E-learners face skepticism over academic integrity


Chloe Osborn, Staff Writer

As the student clicks on her online algebra test, she realizes she didn’t study enough. She doesn’t feel prepared and stress begins to overcome her. She takes a deep breath and thinks for a minute, then comes up with a solution; she opens up a new tab, without any way of getting caught, and types in a Google search to find the algebra formulas she needs. She passes the test with flying colors, but her advantage over the other students in her class makes her feel guilty.

With the new school year offering the option to learn and work from home, multiple opportunities are given to those to cheat on assignments and tests. Students across the nation are coming up with their own creative ways to do so. Because students are no longer closely monitored in person anymore, they now have the freedom to open up another tab and search the web to finish assignments, without putting forth much effort.

“I think that cheating is unfair and not morally correct,” eighth-grade e-learner Lillian Gustafik said. “Someone studied hard [for] the test, and here is someone just lying to themselves that they are smart and are doing the right thing just so they can get a better score.”

Despite opportunities to dash through schoolwork and still earn a high grade, West Shore aims to protect its reputation for having an honest and hard-working student body.

“I wouldn’t say that cheating is ever expected,” algebra 2 teacher Patrick Pittenger said. “I always expect students to try their best and learn from their experiences. I would agree that students have much more autonomy this year, especially e-learners, however I don’t think that the expectations have changed.”

While on-campus students may be skeptical of e-learners cheating their way through assignments and lessons, Gustafik said such skepticism is unfounded.

“I feel that it is unfair that [people] would think that just because we can cheat, that we would,” Gustafik said. “It’s very unfair, as I would never cheat.”

Although the school’s faculty and staff trust students to show their knowledge and not what they found through a quick Google search, the policies and reprimands are still upheld, in case the honor code is broken.

“According to the West Shore handbook, you can be suspended from one to 10 days depending on factors,” guidance counselor Hannah Smith said. “Many teachers, if they suspect cheating, have their own policies for first-time offenders, zero on the assignment, the possibility of re-doing it with points taken off, etc.. The policies have not changed. Yes, it is a pandemic, it’s hard, but in the face of adversity is when we dial in resilience and grit.”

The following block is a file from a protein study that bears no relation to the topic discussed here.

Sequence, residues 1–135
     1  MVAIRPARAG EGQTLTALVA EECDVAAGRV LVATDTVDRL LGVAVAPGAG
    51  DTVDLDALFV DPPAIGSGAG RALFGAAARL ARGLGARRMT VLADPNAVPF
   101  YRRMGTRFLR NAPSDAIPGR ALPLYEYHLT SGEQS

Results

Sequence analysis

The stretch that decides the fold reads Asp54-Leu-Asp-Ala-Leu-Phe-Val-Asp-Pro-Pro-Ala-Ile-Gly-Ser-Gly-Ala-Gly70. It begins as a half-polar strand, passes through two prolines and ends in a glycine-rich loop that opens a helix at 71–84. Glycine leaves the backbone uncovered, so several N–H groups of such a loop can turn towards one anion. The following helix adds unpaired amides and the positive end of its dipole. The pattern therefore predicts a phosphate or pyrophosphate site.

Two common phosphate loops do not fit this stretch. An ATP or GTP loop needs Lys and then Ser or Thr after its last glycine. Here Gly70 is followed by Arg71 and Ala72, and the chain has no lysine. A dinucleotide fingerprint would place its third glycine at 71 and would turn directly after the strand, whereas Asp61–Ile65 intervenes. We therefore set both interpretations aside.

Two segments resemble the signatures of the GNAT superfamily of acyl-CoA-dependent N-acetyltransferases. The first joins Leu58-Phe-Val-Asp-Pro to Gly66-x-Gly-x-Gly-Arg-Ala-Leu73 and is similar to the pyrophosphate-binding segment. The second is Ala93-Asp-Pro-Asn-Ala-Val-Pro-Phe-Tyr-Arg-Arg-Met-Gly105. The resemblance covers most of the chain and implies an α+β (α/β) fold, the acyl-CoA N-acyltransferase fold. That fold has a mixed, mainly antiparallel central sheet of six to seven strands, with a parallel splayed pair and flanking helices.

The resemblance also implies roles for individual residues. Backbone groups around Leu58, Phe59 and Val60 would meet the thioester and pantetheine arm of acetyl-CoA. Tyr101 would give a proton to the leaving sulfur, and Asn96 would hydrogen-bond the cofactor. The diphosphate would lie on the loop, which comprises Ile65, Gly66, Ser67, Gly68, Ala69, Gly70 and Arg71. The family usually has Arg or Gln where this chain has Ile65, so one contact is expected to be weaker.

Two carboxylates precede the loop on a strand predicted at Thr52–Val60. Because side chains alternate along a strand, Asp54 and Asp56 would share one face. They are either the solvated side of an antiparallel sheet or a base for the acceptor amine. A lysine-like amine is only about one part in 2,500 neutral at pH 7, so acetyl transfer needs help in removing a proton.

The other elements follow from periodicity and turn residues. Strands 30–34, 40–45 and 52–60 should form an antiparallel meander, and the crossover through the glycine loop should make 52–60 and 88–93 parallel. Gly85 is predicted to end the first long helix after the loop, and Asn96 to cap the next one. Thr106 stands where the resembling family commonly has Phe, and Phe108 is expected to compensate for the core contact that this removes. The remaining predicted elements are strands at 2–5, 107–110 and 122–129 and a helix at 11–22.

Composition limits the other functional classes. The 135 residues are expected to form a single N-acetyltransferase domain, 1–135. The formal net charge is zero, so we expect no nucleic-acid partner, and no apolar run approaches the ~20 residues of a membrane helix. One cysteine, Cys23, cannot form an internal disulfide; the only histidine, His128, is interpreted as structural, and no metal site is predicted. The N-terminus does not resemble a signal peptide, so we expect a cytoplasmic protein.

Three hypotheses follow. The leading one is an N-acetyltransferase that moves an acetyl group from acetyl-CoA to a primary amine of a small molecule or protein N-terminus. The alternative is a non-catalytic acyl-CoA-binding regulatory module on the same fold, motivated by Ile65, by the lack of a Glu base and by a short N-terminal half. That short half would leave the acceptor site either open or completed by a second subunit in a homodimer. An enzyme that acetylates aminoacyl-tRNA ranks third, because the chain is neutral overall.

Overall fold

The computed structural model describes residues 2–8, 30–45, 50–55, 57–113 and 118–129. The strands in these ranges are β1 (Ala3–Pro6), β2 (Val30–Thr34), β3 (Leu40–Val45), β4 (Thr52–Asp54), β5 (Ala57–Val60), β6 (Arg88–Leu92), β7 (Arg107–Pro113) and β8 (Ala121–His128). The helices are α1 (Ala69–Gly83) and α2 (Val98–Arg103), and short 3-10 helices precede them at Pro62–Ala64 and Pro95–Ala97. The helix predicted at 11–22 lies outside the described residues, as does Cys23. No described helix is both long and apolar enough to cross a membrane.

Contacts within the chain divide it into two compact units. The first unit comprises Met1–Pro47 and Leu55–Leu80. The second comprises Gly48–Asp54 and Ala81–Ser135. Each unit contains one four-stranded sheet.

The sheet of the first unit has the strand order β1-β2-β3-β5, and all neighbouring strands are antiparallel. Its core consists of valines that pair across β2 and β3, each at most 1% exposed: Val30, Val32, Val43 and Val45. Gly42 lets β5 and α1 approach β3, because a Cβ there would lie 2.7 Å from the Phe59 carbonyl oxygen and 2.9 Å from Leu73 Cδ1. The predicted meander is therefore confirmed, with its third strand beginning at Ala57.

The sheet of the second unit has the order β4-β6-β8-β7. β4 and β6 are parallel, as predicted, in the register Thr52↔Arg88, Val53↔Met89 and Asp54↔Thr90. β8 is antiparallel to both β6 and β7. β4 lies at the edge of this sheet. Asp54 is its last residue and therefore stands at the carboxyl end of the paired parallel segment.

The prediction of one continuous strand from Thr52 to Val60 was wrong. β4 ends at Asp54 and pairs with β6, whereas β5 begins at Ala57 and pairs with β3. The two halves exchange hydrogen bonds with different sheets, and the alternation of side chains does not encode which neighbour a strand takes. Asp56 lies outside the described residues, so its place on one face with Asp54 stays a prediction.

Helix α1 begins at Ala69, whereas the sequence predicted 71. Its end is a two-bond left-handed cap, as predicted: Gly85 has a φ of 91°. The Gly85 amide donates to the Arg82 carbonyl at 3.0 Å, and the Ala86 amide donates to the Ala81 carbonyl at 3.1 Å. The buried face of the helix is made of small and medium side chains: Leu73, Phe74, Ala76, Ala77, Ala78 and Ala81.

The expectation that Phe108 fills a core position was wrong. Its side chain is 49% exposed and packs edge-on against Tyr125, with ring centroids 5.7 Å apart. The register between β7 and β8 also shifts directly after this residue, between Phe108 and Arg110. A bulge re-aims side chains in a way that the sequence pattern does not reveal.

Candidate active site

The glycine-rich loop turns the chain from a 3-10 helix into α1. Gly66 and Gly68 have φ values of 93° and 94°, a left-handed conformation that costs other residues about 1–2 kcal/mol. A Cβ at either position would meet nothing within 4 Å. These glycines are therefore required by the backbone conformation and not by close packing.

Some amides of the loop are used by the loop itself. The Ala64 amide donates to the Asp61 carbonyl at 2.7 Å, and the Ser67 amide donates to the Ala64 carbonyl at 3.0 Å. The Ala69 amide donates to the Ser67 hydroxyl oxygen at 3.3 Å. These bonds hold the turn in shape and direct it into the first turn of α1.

While the stakes seem to be high for students to complete tasks unfairly, it is possible that the stress and competition of keeping up with the school’s expectations could push them to eventually take the risk anyway.

“West Shore does have high standards and there is also the possibility of removal from the school if a student does not maintain their grades,” Pittenger said. “These factors may encourage students to try to take an easier route to get a grade they didn’t earn, however those are not the students that I have met at West Shore.”

Principal Rick Fleming said it means more for students to do their best and honest work, in regard to long-term effects.

“What we’re trying to get across to students is that when and if you do cheat, you are only cheating yourself,” Fleming said. “The content you are missing, although you may get a decent grade in the class and your GPA is high, when you hit the next level of rigor, whether that be the next level of math, whether it’s here at West Shore or at college, you are cheating yourself out of content that needs to be mastered. At some point, it’s going to catch up with you. You may get away with it today, you may get away with it tomorrow, but you’re not going to get away with it at some point in the future when you have to demonstrate those competencies and those skills necessary for completing that next level of [a] difficult subject matter.”

According to Gustafik, cheating violates West Shore’s goal of “academic excellence.”

“If [e-learners] cannot get good grades or good test scores, then they shouldn’t be in West Shore, as they can’t handle what they need to do so they can succeed morally,” Gustafik said.

“The way our brains work is that we need to see information a few times to develop a new schema,” Smith said. “The more you exercise that schema, the more organized your brain gets; thus creating a network of tightly organized networks that can quickly retrieve information and knowledge. By not exercising your brain, you’re not learning, you’re not allowing your brain to organize itself into those networks, so down the line you are actually hurting your own knowledge base.”

While teachers have to keep an eye on their students for dishonest completion of tasks, they do assume the best of each individual first until the trust is potentially lost, according to Fleming

“I would say [it is] our accelerated graduation requirements and what we require of students from an academic standpoint, as well as the ‘senior project’ that holds our students to a higher standard in terms of what we expect,” Fleming said. “By being held to a higher standard, and having the majority of their time taken up either doing work or preparing for college or things like that, I think [those things] set us apart individually between us and some comprehensive schools about the focus on the future of our students and their personal intrinsic focus as well.”